Our first film of the week, Häxan (1922) by Benjamin Christensen, is a fictionalized documentary showing the evolution of witchcraft, from its pagan roots to its confusion with hysteria in modern Europe. Häxan has known a lot of resistance due to its subversive, offensive images of “unadulterated horror”. Upon its release, a famous review from 1923 reads: “Wonderful though this picture is, it is absolutely unfit for public exhibition.” It was banned or censored a lot until its later re-releases. Bjorn Gabriels from the Research Centre for Visual Poetics will introduce the screening.
The second film featured on this week’s agenda, Hiroshima mon amour (1959), chronicles the intense love affair of a French actress and a Japanese architect over the course of one day and one night. Their lives are bound to the fate of the nations they represent – entwined bodies melt together, and France meets Japan as memories of the last German occupation in Nevers intersect with those of the bombardment of Hiroshima. Part of the literary inspired Groupe Rive Gauche (Left Bank Group) movement, Alain Resnais was launched into recognition with this film, his first feature-length film, based on the screenplay by Marguerite Duras. Hiroshima mon amour is perhaps the most successful synthesis between film and literature. Resnais allegedly urged Duras to “write literature. Don’t worry about me. Forget about the camera.”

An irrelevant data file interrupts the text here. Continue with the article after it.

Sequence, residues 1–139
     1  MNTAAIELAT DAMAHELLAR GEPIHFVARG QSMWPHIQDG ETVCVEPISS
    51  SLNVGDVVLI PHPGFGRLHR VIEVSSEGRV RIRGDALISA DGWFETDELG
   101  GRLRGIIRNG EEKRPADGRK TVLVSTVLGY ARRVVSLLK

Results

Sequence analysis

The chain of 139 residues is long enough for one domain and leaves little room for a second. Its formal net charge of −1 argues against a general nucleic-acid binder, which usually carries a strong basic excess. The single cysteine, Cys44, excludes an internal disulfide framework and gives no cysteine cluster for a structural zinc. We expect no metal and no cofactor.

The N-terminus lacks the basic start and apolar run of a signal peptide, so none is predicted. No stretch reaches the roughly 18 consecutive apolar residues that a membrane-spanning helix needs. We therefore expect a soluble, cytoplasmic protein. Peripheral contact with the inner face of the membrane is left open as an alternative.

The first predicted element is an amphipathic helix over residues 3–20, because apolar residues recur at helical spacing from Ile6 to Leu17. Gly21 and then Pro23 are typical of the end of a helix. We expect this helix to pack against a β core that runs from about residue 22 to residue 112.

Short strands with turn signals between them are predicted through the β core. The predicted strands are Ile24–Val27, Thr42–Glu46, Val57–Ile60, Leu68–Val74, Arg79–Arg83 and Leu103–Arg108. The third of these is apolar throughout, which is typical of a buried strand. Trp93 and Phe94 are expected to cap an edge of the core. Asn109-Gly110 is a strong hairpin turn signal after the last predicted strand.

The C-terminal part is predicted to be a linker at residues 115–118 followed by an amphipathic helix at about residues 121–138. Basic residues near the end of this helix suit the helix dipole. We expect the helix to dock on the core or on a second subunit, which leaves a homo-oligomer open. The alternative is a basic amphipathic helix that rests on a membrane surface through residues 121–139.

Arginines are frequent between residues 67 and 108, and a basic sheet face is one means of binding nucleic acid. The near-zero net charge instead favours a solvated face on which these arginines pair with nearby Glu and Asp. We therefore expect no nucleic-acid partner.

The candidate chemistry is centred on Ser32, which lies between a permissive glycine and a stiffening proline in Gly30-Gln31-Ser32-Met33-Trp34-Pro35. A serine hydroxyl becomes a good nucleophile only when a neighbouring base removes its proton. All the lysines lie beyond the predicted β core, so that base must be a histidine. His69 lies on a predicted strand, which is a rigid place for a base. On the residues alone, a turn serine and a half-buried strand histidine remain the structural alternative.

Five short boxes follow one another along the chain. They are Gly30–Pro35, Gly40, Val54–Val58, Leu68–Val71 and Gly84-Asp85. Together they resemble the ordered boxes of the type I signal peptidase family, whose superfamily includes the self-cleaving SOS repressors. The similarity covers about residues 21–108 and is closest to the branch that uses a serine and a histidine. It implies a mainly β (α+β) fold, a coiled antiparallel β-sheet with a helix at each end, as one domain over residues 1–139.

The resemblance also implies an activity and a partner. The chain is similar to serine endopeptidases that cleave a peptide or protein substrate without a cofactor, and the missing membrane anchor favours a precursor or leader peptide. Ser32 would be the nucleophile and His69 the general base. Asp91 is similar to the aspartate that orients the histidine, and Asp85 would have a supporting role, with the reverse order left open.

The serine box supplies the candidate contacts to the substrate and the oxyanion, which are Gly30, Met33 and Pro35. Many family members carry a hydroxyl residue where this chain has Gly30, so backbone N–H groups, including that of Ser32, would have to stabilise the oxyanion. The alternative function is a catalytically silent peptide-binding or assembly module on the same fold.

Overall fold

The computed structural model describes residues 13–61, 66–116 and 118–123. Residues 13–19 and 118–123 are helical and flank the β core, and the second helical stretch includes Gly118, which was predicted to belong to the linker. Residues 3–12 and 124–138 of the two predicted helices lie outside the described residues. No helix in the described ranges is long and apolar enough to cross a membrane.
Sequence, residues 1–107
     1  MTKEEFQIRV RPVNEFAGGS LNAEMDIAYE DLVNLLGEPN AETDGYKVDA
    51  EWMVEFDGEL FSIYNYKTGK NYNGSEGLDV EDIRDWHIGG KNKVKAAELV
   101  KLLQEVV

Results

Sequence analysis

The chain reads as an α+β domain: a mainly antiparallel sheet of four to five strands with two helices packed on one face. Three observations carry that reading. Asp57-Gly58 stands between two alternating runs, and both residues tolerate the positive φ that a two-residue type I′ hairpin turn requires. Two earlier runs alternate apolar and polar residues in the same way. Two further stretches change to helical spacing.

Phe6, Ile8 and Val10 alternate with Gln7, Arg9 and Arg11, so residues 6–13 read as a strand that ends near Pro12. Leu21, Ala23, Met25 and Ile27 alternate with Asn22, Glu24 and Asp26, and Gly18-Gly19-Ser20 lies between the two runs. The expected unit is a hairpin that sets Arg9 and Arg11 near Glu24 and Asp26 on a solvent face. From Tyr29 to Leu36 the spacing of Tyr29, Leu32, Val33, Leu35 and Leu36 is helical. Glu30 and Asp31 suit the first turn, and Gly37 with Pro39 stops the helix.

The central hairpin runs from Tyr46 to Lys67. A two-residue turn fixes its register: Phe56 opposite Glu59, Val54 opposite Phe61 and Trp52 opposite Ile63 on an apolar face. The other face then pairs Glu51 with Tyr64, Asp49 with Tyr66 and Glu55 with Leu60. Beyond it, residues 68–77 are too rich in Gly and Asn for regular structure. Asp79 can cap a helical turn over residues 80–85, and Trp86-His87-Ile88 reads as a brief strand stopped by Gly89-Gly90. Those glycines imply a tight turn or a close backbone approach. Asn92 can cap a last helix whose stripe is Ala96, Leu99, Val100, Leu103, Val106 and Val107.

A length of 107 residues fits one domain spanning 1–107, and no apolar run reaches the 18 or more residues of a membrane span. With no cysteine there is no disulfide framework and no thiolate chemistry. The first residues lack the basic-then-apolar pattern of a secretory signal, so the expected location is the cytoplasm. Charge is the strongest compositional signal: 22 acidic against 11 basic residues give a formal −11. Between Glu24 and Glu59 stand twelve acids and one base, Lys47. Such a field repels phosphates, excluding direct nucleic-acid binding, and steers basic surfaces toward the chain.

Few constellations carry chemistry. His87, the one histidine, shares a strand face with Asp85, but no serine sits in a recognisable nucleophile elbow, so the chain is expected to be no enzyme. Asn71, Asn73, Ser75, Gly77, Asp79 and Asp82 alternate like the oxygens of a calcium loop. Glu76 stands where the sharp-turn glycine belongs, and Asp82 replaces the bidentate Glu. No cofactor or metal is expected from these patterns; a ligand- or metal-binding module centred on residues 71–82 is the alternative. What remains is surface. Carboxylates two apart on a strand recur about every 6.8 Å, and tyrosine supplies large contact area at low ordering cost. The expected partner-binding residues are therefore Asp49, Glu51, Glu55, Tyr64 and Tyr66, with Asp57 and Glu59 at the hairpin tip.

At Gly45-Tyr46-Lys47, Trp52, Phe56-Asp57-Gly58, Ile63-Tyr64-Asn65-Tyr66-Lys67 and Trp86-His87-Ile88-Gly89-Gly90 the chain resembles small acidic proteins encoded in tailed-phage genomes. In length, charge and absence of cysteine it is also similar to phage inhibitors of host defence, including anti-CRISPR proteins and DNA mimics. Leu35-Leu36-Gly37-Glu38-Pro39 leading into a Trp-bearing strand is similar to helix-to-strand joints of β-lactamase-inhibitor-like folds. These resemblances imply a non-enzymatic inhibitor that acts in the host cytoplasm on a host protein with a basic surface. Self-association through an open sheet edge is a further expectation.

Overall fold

Trop tôt/Trop tard (1981) will close the first complete retrospective of the work of Danièle Huillet and Jean-Marie Straub presented by Goethe-Institut Brussels and CINEMATEK. “This retrospective is the result of a twofold desire: to show the films Straub made after 2006, most of which were shot digitally, and to show, in the same programme and sometimes within the same screenings, the films they made together between 1962 and 2005.” Gilles Deleuze remarks about Straub’s films that there is something peasantry about history. History is inseparable from the earth. Trop tôt/Trop tard is a remembrance of class struggle that links the 19th century French peasants to 20th century Egyptian workers.